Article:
Proposals by McCain and Clinton would hurt economy and nation's transportation system

Proposals by presidential candidates Hillary Clinton and John McCain to give Americans a holiday from federal gasoline taxes from Memorial Day to Labor Day are examples of bad election-year politics that if implemented would hurt, not help, America.

We recognize that Clinton and McCain are trying to offset the staggering and still increasing cost of gasoline and diesel fuel. These price hikes are contributing to America's current economic tailspin. And higher prices for food, home heating, daily travel and services spare few and often harm those who are most vulnerable: low-income and fixed-income Americans.

But simply putting the federal 18.4 cent-per-gallon gas tax and the 24.4-cent-per-gallon diesel tax on hold for the summer is neither a strategic, nor conclusive way to improve the American economy or aid those in peril. Economic experts say that relief from the gas tax would provide the average driver a $30 break over the summer and that most intended savings would get lost in the complicated supply and demand chain of oil refining, distribution and gasoline retailing.

What is certain is an $83 million loss in federal fuel taxes that would otherwise come to Oregon. These are funds that would be invested in essential road, highway and bridge maintenance, safety work and system work that would reduce congestion and improve travel for drivers and freight. Nationwide, the loss would be an estimated $10 billion.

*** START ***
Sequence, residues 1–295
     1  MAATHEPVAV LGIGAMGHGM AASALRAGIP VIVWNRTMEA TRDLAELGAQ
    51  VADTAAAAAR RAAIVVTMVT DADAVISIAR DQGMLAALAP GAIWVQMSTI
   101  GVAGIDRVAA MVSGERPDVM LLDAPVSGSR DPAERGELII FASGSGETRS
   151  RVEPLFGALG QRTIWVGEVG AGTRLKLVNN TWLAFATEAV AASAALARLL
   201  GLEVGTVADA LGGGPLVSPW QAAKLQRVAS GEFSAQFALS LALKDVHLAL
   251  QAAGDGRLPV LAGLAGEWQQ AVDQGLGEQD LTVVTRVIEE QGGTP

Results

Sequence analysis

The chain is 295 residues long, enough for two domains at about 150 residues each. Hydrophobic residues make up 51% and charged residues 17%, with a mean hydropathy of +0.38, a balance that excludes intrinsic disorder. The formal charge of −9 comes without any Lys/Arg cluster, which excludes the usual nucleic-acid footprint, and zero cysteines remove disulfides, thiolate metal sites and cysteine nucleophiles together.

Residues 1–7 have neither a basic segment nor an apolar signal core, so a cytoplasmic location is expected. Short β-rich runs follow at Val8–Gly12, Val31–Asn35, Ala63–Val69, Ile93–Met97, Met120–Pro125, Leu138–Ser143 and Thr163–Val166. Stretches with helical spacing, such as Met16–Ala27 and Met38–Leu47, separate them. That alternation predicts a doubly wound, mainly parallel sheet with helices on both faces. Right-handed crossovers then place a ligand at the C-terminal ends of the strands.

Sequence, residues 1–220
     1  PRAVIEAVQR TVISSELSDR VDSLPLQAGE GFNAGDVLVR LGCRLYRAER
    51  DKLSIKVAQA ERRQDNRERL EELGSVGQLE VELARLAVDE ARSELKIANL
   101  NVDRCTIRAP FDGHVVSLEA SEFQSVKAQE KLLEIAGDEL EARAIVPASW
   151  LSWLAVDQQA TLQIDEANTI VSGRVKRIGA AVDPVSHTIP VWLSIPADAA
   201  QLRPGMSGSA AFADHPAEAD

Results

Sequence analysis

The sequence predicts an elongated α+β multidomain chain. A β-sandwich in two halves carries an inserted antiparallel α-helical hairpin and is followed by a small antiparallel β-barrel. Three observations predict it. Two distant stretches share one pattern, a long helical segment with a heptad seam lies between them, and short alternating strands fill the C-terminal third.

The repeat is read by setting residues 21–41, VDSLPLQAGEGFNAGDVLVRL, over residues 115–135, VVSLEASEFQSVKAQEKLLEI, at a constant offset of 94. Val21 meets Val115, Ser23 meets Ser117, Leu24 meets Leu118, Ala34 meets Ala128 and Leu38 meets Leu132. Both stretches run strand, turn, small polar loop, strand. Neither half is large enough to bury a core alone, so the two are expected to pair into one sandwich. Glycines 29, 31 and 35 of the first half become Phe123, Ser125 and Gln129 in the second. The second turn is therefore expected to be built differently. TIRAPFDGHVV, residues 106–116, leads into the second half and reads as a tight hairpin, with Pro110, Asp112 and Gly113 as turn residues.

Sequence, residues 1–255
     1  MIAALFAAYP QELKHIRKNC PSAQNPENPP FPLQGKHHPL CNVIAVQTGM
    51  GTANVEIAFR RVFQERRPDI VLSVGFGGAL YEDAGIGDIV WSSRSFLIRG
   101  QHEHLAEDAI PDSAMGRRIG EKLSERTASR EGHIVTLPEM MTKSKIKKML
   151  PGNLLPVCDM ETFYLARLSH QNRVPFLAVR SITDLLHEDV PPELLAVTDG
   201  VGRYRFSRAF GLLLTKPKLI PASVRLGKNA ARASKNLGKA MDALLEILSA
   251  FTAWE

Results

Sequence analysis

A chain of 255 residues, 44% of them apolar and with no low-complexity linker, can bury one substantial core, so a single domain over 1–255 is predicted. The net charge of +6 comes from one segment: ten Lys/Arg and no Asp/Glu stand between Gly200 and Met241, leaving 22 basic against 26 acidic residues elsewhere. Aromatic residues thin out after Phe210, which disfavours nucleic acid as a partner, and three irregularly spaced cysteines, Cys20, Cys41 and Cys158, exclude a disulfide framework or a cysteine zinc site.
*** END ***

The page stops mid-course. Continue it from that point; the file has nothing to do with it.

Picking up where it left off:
Such losses would result in needed transportation projects being delayed or outright shelved and would cost 2,800 jobs in Oregon and up to 310,000 jobs nationwide. So much for economic relief and a financial stimulus.

But that is only part of the story. America and Oregon have done an inconsistent job of funding highways needs since 1993 - the last time the state and federal gas taxes were both increased. As a result of this underfunding:

• Federal, state, regional and local highways are slipping further into disrepair.

• Driver and trucker safety is being compromised.

• Congestion is mounting in many large and small urban cities and, as a result, so is pollution from idling vehicles.

• Many needed improvements, efficiencies and new projects are being proposed and designed, but are never built or are only partially completed.

Instead of cutting back, we believe that there is a compelling need to invest consistently and effectively in national, state and local transportation systems that serve people, quality of life, the environment and the economy.

Going forward, we expect strategic leadership from candidates running for president. Not suggestions like a holiday on gas and diesel taxes that would result in numerous harmful consequences.

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